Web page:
What is the Alexander Technique?
by Walter Carrington
The Alexander Technique is a method of self-help. Its purpose is to help people to avoid doing things that are harmful to their general wellbeing. The method is unique because, unlike most systems that advise people what to do or how to do it, this teaches what not to do and how to prevent it. Thus the Technique requires, first of all, a practical demonstration, conveying the experience of what actions are wrong; and then clear instruction as to how they can be avoided.
The Technique originated as long ago as 1894 from the experiences gained by F. Matthias Alexander concerning his use of voice, as an actor and performer of dramatic recitations. He had no scientific training in anatomy and physiology, but observation and experiment led him to acquire knowledge so that he was able to overcome the problems of speech and respiration that had beset him. When certain eminent scientists subsequently experienced his work for themselves, they asserted that it satisfied all the criteria of scientific method.
Why then is the Alexander Technique so difficult to describe in simple words? Why, on reading accounts of it, do literate and scientifically educated people often fail to grasp its significance?
On the one hand the concept of “not-to-do”, of “thou shalt not”, can evoke negative emotional responses which confuse the issue. People prefer to be advised what to do. They look for positive instruction. On the other hand, the scientific significance of what Alexander observed as he stood in front of a looking-glass can scarcely be appreciated by a reader without some technical knowledge of balance, movement and posture.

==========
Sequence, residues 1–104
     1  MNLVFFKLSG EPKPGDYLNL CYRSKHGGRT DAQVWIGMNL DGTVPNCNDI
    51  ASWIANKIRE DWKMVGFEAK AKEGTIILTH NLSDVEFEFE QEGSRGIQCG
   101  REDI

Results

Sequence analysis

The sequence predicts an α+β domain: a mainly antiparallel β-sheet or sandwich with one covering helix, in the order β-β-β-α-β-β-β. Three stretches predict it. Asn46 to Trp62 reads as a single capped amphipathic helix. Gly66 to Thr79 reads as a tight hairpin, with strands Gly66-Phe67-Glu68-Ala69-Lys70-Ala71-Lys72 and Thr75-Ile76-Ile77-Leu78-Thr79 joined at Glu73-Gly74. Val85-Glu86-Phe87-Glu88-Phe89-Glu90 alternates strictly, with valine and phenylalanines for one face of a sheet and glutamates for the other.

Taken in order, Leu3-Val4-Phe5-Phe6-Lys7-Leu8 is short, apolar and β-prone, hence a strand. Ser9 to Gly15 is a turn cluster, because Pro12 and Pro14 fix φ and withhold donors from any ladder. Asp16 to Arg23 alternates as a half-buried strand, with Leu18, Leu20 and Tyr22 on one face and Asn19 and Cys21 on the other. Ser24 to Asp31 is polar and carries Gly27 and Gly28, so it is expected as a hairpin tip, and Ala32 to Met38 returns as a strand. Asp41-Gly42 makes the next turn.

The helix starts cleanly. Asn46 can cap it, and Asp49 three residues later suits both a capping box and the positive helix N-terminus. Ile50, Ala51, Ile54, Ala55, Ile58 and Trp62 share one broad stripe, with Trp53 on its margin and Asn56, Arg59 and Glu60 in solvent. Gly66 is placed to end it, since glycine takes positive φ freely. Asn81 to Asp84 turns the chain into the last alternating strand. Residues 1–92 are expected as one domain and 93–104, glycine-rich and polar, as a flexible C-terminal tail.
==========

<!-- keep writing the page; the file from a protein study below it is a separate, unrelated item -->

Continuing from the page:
He established empirically that in posture and movement his neck must not be stiffened, but that his head should be allowed to adopt a certain preferred attitude in relation to his neck and body (described by him as “head-forward-and-up”) and that this was consistent with a free, alert attitude or state of poise.
Recent scientific research concerning head orientation and posture in vertebrates indicates that there is a preferred head orientation which animals maintain through a variety of behaviours. It is associated with an alert posture and an extensive acrobatic capability. In living vertebrates it involves maintaining the semi-circular canals, or the lateral semicircular canal, (a part of the organ of balance or the vestibular apparatus), in an attitude approximately level with the horizon.
Research in the neurophysiology of balance, posture and locomotion is of comparatively recent origin, but so far as it has gone it tends to confirm Alexander’s empirical findings and should lead ultimately to an under standing and acceptance of his Technique.